Millions of years ago, in the Carboniferous period, the land that would become Ohio was a hot, muggy swamp home to a variety of giant amphibious beasts such as the giant salamander-croc Stegops, the boomerang-headed Platyrhinops, the sinuous, eel-like Diceratosaurus, and many more. Is it possible some of these creatures survived into the modern day, evolving over the eons into bipedal humanoids lurking in remote waterways like the Creature from the Black Lagoon? Well, no. Probably not. But that would make a pretty great backstory for Ohio’s favorite legendary creatures, the Loveland Frogs.

The story of the Frogs began in the summer of 1955 when a businessman driving through Clermont County saw three batrachian beings huddled together on the side of the road. When he got out of his car and approached the creatures, one of them raised a spark-emitting wand that scared him away.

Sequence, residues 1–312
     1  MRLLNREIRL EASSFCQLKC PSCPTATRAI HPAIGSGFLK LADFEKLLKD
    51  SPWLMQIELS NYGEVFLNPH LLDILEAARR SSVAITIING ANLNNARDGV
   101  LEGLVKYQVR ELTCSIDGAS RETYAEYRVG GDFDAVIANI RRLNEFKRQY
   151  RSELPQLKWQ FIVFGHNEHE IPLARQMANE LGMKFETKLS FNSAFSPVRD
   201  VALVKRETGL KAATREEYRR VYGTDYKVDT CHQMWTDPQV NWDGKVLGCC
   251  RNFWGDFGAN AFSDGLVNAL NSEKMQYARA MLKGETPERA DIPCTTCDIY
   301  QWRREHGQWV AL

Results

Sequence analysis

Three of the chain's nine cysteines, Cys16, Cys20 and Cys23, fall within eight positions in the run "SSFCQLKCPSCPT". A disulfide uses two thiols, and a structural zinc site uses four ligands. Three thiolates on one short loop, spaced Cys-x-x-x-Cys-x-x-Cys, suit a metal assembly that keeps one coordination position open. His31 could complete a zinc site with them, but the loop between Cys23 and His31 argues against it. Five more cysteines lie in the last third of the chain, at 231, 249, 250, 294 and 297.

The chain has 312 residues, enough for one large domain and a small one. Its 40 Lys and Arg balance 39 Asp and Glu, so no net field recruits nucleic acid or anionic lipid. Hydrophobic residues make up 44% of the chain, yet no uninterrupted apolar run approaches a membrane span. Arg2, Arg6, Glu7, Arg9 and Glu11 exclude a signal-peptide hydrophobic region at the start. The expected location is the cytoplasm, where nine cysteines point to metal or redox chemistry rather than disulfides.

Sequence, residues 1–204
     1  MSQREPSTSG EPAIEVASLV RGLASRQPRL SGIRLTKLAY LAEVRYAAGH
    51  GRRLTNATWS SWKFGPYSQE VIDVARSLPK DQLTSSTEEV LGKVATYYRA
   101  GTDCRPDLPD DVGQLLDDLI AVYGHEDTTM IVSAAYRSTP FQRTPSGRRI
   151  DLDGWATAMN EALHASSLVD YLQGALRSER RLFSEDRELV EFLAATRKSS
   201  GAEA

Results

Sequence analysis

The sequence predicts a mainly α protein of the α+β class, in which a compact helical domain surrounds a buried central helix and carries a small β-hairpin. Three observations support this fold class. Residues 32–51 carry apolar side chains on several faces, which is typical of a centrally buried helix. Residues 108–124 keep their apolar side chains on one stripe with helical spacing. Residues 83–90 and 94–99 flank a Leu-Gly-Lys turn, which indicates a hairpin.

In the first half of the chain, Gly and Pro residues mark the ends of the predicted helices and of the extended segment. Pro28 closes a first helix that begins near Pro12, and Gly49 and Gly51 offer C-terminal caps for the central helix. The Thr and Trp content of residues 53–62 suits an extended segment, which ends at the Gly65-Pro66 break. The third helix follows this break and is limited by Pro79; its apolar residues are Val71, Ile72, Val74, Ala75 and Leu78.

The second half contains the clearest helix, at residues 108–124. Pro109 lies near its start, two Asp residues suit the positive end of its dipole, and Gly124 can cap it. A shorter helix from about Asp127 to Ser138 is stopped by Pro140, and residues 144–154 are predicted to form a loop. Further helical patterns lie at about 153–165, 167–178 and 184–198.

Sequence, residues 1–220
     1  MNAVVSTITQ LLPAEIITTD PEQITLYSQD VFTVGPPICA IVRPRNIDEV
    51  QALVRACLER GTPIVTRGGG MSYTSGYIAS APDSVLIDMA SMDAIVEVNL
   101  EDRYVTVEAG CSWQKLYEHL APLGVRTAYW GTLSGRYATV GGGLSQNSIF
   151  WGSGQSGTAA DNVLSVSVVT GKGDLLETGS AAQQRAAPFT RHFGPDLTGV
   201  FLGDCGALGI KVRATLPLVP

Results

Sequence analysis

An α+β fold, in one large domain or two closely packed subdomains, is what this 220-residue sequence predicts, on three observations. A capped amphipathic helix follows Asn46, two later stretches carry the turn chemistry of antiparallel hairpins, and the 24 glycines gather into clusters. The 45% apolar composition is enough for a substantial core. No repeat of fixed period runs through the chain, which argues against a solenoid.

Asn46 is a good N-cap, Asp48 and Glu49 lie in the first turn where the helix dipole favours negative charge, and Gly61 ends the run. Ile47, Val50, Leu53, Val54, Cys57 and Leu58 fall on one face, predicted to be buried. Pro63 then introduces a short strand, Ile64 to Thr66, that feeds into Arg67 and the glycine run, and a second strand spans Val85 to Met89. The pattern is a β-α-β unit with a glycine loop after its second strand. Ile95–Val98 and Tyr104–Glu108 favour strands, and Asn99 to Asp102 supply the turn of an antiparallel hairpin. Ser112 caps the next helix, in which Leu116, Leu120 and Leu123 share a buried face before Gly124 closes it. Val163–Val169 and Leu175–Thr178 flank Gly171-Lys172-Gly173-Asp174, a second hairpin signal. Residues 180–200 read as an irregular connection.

The Loveland Frogs did not reappear again until 1972 when police officer Ray Shockey saw what he initially thought was a dog lying in the middle of the road. As he stepped closer, the animal stood up on its hind legs- revealing itself to be more amphibious than canine- and quickly hopped over a guardrail. A few weeks later another officer, Mark Matthews, sighted another of the strange creatures resting by the side of the road.

The Frogs disappeared into folklore for several decades until 2016 when two teenagers claimed to have encountered one while they were playing Pokemon Go! near Lake Isabelle. Pictures taken by one of the witnesses show a wide-mouthed creature with eerily glowing eyes half-submerged in the waters of the lake (as a huge Dungeons & Dragons nerd, I can’t help comparing the photo to the Blindheim, a weird frog-like, cave-dwelling, luminous-eyed being from the classic Fiend Folio tome).